My Francophile friend (whom I suspect has more than a little mean streak) sees such surliness as part of the charm of the stereotypical French waiter. He says they’re in a hurry and if you leave in a dither, someone else will take your place who won’t be so sensitive about “a little” abruptness.

Brent Rochford, the affable owner of Cafe Voila

Brent Rochford, the affable owner of Cafe Voila

The service at Cafe Voila in Albuquerque’s Journal center is completely antithetical to the much maligned maliciousness of the stereotypical French waiter. At Cafe Voila you’ll be treated with the utmost of courtesy by a wait staff whose very mission seems to be making your dining experience a memorable and enjoyable one.

That’s probably because the wait staff reflects the high professional standards of youthful owner Brent Rochford (pictured at left). In 2007 Rochford assumed ownership of Cafe Voila, taking the reins from his parents Christian and Debbie Tournier who opened the restaurant in 2003.

Rochford’s experience belies his youth. He has worked in all aspects of the restaurant business for years, progressing from dishwasher to waiting on customers to serving as host. Eventually he headed the entire staff, imparting his flair for personable, attentive service.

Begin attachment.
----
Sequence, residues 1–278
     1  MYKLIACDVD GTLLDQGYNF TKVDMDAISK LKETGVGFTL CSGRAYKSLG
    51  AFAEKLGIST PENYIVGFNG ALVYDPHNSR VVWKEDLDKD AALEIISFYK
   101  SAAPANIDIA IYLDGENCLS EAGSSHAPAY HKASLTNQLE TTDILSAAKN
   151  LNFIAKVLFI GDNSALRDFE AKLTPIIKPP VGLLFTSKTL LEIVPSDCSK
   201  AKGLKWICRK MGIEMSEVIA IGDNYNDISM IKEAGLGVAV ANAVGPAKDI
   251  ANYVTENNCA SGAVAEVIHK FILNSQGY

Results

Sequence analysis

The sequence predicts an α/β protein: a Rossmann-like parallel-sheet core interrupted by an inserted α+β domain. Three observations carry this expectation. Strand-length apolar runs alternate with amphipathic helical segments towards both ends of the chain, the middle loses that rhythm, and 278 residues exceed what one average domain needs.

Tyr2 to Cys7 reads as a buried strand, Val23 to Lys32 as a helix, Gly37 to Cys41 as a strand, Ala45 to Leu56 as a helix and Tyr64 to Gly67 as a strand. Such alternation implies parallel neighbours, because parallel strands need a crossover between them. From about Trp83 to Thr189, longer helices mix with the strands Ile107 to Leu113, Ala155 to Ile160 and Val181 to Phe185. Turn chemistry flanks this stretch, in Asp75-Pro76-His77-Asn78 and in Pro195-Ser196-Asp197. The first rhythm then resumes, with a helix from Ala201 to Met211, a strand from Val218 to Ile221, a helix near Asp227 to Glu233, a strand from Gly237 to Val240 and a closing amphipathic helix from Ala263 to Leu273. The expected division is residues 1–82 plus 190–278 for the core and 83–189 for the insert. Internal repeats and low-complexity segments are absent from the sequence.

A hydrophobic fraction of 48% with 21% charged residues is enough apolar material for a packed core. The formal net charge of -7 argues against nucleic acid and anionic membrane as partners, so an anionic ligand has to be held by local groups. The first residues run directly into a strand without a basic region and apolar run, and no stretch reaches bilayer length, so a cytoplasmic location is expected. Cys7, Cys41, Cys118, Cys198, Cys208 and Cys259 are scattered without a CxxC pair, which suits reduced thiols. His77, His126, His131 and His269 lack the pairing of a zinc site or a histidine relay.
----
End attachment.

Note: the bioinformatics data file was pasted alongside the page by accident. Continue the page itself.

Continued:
Cafe Voila is ensconced in a Journal Center retail area which is bustling during the eight to five hours but becomes a veritable ghost town thereafter. Think of Cafe Voila as an oasis of tranquility amid Albuquerque’s bustling traditional well-beaten, well-eatin’ path. As such, it has become a destination restaurant–patrons have Cafe Voila in mind when they turn onto Jefferson.

Being off that well trodden path does have its disadvantages, one being that if you’re on one of those restaurant rich Albuquerque streets (such as Montgomery or Menaul), you just might not take a few extra minutes to visit the more staid Jefferson.

Cafe Voila's chef salad is a work of edible art

Cafe Voila's chef salad is a work of edible art

Over the years Cafe Voila has adjusted its operating hours in response to customer traffic. Breakfast is no longer served, a true tragedy considering the restaurant offered probably the very best French toast in Albuquerque as well as buttery, flaky and delicious croissants and assorted French pastries all baked in-house. Similarly, a terrific Sunday brunch was short-lived.